On July 6, Deadline announced the forthcoming film Deltopia, which follows a group of Southern California teenagers over the course of 24 hours as they travel to Santa Barbara to attend “the biggest party of their lives.” The project, which boasts executive producer Olivia Newton-John and stars Luna Blaise, Madison Pettis, Charlie Gillespie, Will Peltz and Greer Grammer, is yet another coming-of-age narrative within the far-from-untapped genre of high schoolers attending college parties. But unlike other movies that share the premise of a wild, no-holds-barred bash, Deltopia is rooted in reality, and is raising alarm within the community it portrays.
The titular Deltopia is an annual, unsanctioned street party thrown every April in Isla Vista, a 1.9-square mile beach town that borders the University of California, Santa Barbara. The legendary shindig attracts people from up and down the California coast, causing a large influx of out-of-towners who run amok through the streets like a migrating flock of drunken geese. But in 2014, the festive atmosphere took a dark turn when a law enforcement officer was struck on the head with a backpack containing bottles of alcohol, allegedly by an underage tourist. As the scene erupted into chaos, attendees began “[throwing] objects at police, burning mattresses, ripping up stop signs, destroying car windshields and damaging police vehicles,” according to eyewitnesses. Soon came the onslaught of tear gas, rubber bullets, and police in riot gear.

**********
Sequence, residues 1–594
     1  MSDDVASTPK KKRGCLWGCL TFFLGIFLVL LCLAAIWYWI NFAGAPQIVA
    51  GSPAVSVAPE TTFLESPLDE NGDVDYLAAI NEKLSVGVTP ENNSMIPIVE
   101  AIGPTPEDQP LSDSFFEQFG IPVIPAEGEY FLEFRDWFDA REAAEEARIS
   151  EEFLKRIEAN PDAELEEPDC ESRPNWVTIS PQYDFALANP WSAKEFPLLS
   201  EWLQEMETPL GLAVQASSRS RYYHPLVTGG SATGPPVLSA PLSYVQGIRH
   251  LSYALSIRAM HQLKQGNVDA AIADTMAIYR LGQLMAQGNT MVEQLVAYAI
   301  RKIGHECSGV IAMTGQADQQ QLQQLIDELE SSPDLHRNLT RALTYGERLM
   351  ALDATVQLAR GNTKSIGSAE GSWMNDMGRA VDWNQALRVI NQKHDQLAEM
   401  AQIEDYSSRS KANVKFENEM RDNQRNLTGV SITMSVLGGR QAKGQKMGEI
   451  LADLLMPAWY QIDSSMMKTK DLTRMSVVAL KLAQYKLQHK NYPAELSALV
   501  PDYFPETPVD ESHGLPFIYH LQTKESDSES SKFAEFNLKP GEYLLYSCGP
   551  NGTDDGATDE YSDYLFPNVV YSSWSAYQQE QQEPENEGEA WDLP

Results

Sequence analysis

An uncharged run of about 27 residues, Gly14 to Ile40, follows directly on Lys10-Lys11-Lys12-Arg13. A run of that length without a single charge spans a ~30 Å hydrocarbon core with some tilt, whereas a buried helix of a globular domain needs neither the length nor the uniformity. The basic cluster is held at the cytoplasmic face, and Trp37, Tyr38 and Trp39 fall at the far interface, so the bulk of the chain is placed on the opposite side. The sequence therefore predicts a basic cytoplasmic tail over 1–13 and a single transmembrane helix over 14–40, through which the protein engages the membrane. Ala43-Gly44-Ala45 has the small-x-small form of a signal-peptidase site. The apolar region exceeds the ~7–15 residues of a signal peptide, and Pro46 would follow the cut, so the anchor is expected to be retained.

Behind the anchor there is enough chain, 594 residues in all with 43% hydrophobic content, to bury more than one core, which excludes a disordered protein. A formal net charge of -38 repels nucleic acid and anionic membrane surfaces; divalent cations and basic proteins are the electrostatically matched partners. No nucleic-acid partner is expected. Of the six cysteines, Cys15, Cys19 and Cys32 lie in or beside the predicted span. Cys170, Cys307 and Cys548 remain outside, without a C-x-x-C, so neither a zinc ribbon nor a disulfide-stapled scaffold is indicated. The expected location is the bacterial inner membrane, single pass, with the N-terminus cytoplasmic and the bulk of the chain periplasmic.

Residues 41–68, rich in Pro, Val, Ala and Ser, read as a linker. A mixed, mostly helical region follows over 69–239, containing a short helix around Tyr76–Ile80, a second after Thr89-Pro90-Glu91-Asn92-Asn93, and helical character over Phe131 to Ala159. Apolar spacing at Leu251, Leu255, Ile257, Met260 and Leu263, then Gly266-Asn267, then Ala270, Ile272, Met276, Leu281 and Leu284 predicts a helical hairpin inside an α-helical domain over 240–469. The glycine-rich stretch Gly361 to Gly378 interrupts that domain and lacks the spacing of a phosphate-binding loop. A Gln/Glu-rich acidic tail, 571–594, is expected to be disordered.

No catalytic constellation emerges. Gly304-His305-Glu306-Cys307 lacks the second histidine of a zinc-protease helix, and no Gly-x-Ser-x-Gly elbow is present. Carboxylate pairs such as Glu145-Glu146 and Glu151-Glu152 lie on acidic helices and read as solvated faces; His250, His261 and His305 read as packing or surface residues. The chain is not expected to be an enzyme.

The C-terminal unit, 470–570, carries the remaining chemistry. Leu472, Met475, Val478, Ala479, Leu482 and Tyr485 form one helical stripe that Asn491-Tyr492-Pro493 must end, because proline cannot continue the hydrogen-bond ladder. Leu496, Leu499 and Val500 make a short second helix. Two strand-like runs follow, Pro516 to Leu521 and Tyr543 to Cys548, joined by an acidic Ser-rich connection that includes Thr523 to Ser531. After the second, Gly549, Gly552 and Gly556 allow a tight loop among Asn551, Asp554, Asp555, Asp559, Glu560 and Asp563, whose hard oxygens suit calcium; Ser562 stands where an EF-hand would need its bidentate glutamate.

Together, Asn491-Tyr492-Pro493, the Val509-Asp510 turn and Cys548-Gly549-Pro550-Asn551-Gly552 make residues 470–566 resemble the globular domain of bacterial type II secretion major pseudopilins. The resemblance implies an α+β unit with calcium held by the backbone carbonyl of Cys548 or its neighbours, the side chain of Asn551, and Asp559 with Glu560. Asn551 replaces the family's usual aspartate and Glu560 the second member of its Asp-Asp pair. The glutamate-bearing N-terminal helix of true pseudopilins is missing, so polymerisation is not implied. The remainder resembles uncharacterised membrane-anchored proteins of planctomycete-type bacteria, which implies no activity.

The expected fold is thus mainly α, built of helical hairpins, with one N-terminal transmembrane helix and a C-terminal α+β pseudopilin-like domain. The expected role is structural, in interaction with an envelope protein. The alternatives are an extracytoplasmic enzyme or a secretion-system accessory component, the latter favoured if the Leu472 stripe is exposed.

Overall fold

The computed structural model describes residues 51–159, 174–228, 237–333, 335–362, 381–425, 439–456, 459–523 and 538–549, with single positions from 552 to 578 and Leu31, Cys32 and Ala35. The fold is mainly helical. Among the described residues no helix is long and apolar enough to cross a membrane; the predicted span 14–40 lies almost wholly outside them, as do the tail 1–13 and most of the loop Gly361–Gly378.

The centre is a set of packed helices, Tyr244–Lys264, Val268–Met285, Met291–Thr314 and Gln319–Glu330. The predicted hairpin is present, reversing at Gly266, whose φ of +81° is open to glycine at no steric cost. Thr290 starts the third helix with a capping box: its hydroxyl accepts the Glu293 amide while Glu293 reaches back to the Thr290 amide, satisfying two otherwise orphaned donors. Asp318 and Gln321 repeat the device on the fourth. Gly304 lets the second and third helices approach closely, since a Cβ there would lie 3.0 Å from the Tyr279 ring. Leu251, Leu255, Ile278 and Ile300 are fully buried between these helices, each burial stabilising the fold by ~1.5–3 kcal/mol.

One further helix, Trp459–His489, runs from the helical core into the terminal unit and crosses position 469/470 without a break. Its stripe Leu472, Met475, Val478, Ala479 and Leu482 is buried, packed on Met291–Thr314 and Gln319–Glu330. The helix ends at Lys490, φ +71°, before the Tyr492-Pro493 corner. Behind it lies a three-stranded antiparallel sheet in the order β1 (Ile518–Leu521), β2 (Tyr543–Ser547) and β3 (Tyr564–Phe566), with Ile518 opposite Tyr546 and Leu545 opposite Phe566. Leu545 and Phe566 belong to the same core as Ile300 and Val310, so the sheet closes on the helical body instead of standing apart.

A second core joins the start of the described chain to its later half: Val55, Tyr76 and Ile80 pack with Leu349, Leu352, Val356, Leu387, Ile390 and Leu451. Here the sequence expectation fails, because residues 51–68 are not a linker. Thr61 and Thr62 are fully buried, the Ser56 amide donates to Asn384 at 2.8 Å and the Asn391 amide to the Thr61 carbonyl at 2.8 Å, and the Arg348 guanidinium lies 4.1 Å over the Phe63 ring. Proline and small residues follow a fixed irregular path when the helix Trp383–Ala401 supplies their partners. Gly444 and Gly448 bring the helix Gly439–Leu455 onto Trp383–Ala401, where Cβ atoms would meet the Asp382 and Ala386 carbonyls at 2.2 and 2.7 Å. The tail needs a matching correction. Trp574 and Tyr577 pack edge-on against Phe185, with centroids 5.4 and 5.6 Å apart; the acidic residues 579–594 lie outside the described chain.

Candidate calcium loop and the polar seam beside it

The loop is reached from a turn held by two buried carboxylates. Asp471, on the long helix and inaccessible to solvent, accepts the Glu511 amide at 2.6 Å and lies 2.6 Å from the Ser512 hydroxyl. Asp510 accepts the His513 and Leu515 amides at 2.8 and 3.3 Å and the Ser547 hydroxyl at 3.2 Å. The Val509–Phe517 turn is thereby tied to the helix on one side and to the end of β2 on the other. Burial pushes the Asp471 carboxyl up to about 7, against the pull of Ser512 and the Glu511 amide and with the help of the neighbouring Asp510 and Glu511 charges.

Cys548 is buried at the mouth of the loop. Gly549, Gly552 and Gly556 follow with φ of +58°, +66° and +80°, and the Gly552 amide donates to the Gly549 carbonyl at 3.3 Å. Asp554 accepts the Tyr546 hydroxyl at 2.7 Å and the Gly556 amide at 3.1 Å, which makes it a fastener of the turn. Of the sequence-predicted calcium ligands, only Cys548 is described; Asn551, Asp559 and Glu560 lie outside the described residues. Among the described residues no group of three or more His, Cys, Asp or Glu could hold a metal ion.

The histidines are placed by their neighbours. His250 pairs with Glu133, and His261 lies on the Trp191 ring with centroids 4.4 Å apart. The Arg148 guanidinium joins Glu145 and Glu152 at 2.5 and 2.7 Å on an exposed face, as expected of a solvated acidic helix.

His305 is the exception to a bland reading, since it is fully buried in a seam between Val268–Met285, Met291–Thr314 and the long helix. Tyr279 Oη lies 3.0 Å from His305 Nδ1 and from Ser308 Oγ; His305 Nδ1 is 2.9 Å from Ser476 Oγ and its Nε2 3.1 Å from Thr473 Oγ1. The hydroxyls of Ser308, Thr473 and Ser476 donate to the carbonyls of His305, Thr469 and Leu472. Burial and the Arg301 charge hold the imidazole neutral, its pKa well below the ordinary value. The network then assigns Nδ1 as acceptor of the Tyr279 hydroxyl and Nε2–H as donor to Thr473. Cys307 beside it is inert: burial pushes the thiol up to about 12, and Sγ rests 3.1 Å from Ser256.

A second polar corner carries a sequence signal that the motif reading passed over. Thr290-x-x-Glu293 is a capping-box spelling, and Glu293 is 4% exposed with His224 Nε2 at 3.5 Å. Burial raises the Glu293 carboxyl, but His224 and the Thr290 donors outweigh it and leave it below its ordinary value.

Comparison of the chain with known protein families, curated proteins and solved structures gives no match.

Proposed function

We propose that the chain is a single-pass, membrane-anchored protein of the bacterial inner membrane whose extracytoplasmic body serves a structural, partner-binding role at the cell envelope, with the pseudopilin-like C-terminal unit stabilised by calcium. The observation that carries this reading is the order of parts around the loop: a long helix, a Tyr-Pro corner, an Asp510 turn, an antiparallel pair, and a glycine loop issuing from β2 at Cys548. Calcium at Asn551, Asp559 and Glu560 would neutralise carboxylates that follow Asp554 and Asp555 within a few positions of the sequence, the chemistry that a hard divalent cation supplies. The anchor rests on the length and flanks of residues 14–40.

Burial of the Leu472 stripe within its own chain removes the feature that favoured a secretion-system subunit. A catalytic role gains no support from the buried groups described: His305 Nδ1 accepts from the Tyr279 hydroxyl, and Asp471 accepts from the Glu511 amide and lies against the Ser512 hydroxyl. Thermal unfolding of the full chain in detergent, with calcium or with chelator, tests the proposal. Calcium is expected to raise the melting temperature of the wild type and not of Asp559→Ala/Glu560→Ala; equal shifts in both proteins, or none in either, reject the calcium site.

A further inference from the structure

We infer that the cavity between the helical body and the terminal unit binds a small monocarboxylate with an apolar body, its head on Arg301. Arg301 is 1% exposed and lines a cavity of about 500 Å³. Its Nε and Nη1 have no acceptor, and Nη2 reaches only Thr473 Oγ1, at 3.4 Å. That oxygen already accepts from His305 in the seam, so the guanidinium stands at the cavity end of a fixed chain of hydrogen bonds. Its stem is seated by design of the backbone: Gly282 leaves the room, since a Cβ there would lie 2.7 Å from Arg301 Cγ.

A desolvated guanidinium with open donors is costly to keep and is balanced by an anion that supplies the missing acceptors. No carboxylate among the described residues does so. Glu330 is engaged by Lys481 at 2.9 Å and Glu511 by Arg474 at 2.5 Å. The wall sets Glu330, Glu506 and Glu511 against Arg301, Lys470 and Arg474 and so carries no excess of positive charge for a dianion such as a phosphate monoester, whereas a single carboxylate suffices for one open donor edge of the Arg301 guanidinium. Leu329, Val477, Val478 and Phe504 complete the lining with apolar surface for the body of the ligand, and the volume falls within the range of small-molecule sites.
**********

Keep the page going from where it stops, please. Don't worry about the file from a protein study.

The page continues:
While the truth behind the violent scene may never be fully known, it’s widely understood that the unrest was largely caused by out-of-towners. “These are people who are having fun at the expense of the local community,” says Daniel Slovinsky, who was reporting that night for the Daily Nexus. Out of the approximately 15,000 attendees that year, over 100 arrests and 44 hospitalizations were reported. Slovinsky, who likens the scene to that of a war zone, recalls hordes of bystanders sheltering in strangers’ houses and yards along Del Playa Drive (the party’s main drag) to avoid being shot and gassed. “One guy volunteered to step out and talk to the police and see if we could walk out to go home. Before he even got there, they just started shooting at him with rubber bullets,” Slovinsky recalls. “He ran back inside and had these giant welts all over his legs. He was wearing shorts; you could see he got hit directly on his skin. It was all sorts of different colors that human skin is not supposed to be.”
While the Deltopia film’s cast continues to “party like it’s 2014” from their insulated Malibu set, Isla Vistans worry that the production will have pernicious implications for the area’s future. In an open letter addressed to the film’s writer-directors Michael Easterling and Jaala Ruffman, as well as producers and cast, the Isla Vista Community Services District (IVCSD) board and over 800 community members voiced that as a direct result of Deltopia 2014, “our community’s sense of safety and security was lost.” The signatories conveyed their anxiety that the movie Deltopia would have a regressive effect on the already strained relationship between law enforcement and the community’s nearly 28,000 residents—approximately 85 percent of whom are under the age of 24. (Easterling, Ruffman and the production companies behind Deltopia did not respond to requests for comment.)